Earlier this year, Connie and Terry Dellmuth began sending
letters to friends urging them to join (or rejoin) the community of people who donate to Bread & Roses Community Fund each year.
“We’re not fundraisers and we don’t have a lot of wealthy
friends,” says Terry. “But we wanted to do more to support Bread & Roses.”
“Most people in our region don’t know that Bread & Roses
exists,” says Connie. “With more support from donors like us, Bread & Roses can amplify the voices of groups working for real change.”
Before retirement, both Connie and Terry worked in state
government and as policy advisors and advocates at the local, state, and national level. “I know what it is like to be on the ‘inside,’ which makes me appreciate more than ever the value of people pushing from the outside for changes,” says Terry.
Their fundraising was inspired by Bread & Roses’ visioning
process last year. They were particularly interested in the idea of making the organization a hub of the movement for social change in the Delaware Valley. To fulfill this vision, Connie and Terry have led by example.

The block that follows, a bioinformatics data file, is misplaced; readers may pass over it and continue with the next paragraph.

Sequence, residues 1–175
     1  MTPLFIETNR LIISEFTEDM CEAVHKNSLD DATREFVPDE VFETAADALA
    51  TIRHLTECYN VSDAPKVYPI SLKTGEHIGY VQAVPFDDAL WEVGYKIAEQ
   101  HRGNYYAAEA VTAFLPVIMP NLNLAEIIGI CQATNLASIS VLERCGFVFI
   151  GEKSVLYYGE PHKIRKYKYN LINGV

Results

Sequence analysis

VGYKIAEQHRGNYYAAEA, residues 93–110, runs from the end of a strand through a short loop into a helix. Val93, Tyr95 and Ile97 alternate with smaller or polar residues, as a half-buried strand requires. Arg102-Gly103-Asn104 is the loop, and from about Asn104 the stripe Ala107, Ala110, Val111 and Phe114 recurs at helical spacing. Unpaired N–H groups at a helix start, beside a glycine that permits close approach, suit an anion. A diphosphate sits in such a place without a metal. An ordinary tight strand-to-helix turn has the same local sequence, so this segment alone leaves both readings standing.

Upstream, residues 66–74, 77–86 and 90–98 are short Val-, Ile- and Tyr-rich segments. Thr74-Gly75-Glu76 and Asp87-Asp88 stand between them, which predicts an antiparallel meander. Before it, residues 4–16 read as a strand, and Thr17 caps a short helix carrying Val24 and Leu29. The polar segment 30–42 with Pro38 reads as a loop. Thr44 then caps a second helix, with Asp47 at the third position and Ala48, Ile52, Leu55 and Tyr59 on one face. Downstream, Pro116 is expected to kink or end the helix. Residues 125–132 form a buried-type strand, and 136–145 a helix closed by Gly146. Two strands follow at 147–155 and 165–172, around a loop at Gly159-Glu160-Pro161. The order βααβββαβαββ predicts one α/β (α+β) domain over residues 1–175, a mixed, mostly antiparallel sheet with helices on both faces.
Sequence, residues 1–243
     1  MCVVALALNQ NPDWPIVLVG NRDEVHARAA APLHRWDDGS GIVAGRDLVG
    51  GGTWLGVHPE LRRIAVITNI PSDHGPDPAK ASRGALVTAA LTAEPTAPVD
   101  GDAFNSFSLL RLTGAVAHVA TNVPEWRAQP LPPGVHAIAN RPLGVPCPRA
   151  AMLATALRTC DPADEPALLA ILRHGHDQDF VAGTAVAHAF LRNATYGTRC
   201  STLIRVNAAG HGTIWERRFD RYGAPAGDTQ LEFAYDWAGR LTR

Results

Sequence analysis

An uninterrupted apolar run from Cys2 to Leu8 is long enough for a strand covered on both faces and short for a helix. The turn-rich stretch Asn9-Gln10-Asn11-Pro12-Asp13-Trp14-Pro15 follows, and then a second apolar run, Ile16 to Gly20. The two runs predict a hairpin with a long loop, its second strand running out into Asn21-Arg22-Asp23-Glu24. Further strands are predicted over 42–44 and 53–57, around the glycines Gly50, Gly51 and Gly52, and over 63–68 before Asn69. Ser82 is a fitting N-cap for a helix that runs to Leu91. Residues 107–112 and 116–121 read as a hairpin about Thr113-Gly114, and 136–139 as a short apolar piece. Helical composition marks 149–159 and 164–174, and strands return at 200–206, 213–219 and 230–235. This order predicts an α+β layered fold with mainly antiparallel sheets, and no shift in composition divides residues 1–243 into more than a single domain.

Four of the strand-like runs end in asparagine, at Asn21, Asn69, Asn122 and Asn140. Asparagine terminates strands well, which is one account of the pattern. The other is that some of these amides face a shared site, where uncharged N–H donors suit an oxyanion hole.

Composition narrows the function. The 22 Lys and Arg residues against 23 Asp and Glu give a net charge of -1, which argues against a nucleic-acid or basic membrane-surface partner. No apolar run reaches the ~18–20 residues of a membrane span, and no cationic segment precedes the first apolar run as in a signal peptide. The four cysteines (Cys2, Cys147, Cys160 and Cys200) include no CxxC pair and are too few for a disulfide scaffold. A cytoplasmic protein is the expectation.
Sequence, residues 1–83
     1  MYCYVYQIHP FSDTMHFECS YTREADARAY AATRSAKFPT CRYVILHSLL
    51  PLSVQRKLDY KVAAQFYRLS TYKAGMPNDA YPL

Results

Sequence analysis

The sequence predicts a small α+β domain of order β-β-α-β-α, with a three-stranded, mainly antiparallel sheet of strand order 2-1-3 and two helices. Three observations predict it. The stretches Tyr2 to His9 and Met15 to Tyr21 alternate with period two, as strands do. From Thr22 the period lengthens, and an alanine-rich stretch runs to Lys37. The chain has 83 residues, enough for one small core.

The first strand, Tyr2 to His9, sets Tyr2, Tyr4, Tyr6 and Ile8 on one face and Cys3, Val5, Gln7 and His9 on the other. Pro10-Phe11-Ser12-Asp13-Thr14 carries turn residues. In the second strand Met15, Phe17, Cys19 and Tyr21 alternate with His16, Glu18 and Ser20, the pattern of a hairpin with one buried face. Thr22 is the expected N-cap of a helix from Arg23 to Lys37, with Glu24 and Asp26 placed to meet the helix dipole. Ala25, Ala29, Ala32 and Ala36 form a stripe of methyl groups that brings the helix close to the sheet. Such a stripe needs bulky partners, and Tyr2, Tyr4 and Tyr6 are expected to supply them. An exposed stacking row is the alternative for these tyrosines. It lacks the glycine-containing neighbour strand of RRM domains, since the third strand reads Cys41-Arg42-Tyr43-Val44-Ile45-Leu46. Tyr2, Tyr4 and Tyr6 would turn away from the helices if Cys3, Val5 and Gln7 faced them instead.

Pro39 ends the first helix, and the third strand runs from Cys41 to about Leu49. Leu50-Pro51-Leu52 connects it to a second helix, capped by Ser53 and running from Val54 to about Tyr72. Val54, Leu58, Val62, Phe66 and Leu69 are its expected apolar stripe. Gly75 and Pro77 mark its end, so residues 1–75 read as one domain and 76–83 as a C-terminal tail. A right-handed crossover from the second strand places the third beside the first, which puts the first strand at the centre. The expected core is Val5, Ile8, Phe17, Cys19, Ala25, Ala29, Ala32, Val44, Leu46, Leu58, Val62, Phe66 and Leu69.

“We push ourselves to give more each year,” says Connie. “It’s
hard not to react to every good cause that comes along, but
we try to be strategic and contribute the most to groups that work for change instead of putting Band-Aids on problems.”
“When our retirement started, we examined all of the
commitments we’d made and decided that we wanted to step up our support for Bread & Roses,” says Terry. “We’re no longer on the front line, but we can support those who are.”
Connie and Terry view Bread & Roses’ grantmaking process as
a means to distribute their donations to the groups that need them most. And they rely on Bread & Roses to expose them to the energy and commitment of a new generation of activists and organizers.
“Hope is a powerful antidote to the feeling of being beaten
down,” says Connie. “Things will get better the more we collectively tackle the issues that matter.”
“I don’t think I am alone in wanting Bread & Roses to be a
million-dollar organization in the next five years,” says Terry. “There is a role for all of us in that quest by giving as much as we each can.